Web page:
In January 2011, I visited the Perth Airport Immigration Detention Centre with refugee advocate Victoria Martin-Iverson. We met an Indonesian youth who told us he had been a cook on a boat assisting the safe passage of asylum seekers to our shores. While visiting Hakea Prison in February, I was stunned to learn that this youth had been arrested and charged as a people smuggler and remanded to Hakea. I thought it couldn’t be right — Hakea is an adult prison.
Every Australian authority I contacted shut up shop and passed the buck. The media were reluctant to get involved: the producers of one major news program told me: “We can’t do a story on these kids, they’re people smugglers and Australians see people smugglers as evil — it’ll affect our ratings.”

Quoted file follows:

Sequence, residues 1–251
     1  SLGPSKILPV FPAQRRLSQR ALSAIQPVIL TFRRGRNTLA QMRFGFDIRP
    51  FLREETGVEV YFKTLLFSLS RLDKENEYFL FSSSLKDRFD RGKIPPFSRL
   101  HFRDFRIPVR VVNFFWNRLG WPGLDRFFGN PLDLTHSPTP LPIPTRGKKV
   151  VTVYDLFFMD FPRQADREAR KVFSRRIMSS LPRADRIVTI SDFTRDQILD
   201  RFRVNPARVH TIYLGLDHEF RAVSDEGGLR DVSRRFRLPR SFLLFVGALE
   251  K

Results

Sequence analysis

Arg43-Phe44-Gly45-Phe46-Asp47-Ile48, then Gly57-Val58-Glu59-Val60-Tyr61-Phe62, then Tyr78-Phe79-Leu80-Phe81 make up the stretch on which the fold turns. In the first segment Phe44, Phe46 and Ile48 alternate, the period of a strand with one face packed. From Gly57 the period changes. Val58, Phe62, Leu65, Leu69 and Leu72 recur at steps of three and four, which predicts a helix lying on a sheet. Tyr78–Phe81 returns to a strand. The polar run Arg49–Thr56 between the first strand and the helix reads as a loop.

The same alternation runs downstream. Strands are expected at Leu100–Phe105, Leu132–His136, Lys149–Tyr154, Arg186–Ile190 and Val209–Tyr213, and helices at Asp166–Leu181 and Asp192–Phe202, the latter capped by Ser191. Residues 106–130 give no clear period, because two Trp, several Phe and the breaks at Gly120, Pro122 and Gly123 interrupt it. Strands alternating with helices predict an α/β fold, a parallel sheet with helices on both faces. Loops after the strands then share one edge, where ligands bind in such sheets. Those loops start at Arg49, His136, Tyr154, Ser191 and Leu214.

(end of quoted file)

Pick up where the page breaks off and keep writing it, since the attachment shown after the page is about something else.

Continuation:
Legal representation for these youths, provided by under-resourced Legal Aid providers, has not always been adequate.
However, more lawyers working pro bono began to better represent the accused Indonesian children than had their Legal Aid counterparts. Brisbane’s Terry Fisher, represented at one time 22 accused ‘people smugglers’, David Svoboda, Mark Plunkett, Edwina Lloyd and several others ensured the eventual liberty of the children they represented.
What these lawyers did, including travelling to Indonesia to secure court-admissible evidence to displace the presumption of evidence of age from the discredited wrist bone x-ray, has exposed the failings of our intertwined criminal justice and political systems.